Musicians' Resource Directory

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Musicians' Resource Directory

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David Versus Goliath

Consign o' the Times

Book Smart

Pay to Play

Get in the Van

Sleep Is Underrated

Do I Do

Give Yourself a Hand

Rock the Rock, Walk the Walk

The Most Unsung Job in the Biz

If You Wanna Be My Groupie

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The record industry is in the shitter if you go by the stock of the majors. They're selling fewer records than ever and they're blaming "your teenage cousin" and his DSL connection. So now's a great time to lose some money in the record business by starting your own label!

Starting a label is the ultimate act of love for people who are crazy about music but can't play instruments. Most stories start like Don't Stop Believin' Records owner Megan Birdsall's. "I just was really into going to shows and seeing bands and I don't play a musical instrument and I can't hold a tune. My good friends the Pharmacy didn't have a record label, and I thought, 'I could be the record label!'"

What a wonderful idea! Of course, that's what they all think before they get the bill. "I've probably 'invested' five or six grand. Feel free to put quotes around invested," says Birdsall, whose label also issues releases from Dashel Schueler, Your Heart Breaks, and Team Gina. "It's worth it because it's fun and satisfying and it's for my friends. Also, now that I've expanded a little bit, I've gotten to make new friends with people after I've decided to release their records."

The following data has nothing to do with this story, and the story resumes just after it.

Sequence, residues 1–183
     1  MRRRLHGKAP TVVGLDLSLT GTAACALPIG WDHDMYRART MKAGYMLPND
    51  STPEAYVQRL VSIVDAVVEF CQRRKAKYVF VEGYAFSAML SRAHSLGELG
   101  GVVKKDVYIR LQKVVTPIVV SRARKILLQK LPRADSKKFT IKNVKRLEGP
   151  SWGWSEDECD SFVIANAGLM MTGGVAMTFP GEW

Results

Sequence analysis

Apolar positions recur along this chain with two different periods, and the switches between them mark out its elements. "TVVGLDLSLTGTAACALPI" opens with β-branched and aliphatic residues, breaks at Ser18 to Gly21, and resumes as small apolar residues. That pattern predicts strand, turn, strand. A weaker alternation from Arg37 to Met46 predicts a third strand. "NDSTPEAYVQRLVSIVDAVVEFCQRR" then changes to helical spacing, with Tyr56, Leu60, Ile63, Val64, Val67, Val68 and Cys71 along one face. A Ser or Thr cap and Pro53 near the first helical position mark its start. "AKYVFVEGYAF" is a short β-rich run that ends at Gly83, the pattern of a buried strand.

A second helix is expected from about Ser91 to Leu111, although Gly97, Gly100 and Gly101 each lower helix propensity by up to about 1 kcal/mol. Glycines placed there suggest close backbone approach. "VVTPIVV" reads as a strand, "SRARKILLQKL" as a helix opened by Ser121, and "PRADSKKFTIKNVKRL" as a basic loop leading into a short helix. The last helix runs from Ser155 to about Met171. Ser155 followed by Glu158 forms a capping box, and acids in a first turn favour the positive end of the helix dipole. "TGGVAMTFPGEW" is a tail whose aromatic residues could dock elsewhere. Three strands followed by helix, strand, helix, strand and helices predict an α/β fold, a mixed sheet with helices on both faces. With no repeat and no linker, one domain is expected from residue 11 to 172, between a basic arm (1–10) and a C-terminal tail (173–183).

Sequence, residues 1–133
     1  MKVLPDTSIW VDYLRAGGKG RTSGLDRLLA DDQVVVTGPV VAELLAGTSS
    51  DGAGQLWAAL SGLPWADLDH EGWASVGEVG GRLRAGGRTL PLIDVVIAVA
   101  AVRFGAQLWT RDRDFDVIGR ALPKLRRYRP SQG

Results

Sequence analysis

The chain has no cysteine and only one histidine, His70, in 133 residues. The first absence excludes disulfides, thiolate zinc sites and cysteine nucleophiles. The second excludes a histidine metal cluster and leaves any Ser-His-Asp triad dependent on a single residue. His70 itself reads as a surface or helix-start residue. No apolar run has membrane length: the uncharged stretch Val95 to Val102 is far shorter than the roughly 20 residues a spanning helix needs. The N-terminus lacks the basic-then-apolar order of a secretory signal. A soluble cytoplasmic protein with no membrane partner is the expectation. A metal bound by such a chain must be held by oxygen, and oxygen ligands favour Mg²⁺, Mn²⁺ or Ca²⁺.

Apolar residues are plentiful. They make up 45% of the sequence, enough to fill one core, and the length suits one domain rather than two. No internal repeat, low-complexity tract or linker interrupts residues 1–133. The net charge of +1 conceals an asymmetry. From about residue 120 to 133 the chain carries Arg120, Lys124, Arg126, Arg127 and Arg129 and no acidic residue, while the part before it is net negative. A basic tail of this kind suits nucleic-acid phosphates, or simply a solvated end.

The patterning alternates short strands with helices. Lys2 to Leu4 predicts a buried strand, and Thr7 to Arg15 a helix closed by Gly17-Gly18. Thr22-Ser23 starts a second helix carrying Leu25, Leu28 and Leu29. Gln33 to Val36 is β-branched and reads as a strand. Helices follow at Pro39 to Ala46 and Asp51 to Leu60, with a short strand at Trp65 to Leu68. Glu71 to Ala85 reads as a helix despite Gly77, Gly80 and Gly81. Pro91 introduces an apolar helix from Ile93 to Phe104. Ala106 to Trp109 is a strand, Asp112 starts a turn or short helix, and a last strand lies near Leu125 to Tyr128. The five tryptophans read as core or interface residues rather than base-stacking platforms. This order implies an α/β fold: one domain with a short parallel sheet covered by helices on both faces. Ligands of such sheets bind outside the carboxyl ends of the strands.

Actually, running a label isn't exactly like setting fire to your money. "We sold the entire first pressing of Pharmacy records and had to get them repressed," Birdsall says. "That was our biggest seller. Of course, no one buys vinyl but me, so every time we press some of that it erases our gains." To stay afloat, Don't Stop Believing sells other stuff besides records. "We help out with T-shirts as well," Birdsall explains. "I screen-print them in my apartment. Sometimes it seems like a person will buy a T-shirt before they will buy a CD."

There's always the off chance that you will make money, too. Light in the Attic Records recently had breakout sellers with the Black Angels and Karen Dalton. "When I started working here, I had no idea who would be into some of the stuff we release," says Chris Estey, the label's publicist. "But there are music heads who are totally obsessed. We're releasing a reissue of Betty Davis, Miles Davis's funky-grooving Black Panther of a wife, and we recently had Ice Cube tell us she was a real G. So there is a select audience."

And you can use your label in other ways beyond just pressing discs. "The owners [of Light in the Attic, Matt Sullivan and Josh Wright] seem almost more like activists than label people," says Estey. "They helped William McGhie finally get some royalties from his music." Social action through music? Who would have thunk it?

Both Estey and Birdsall agree that starting a label has to start with an overwhelming adoration of music, whether it's the love of your friends who play in basements or old forgotten stuff you find while crate digging. "We're kind of like advocates for missing music," says Estey. "There's an extreme passion for it." recommended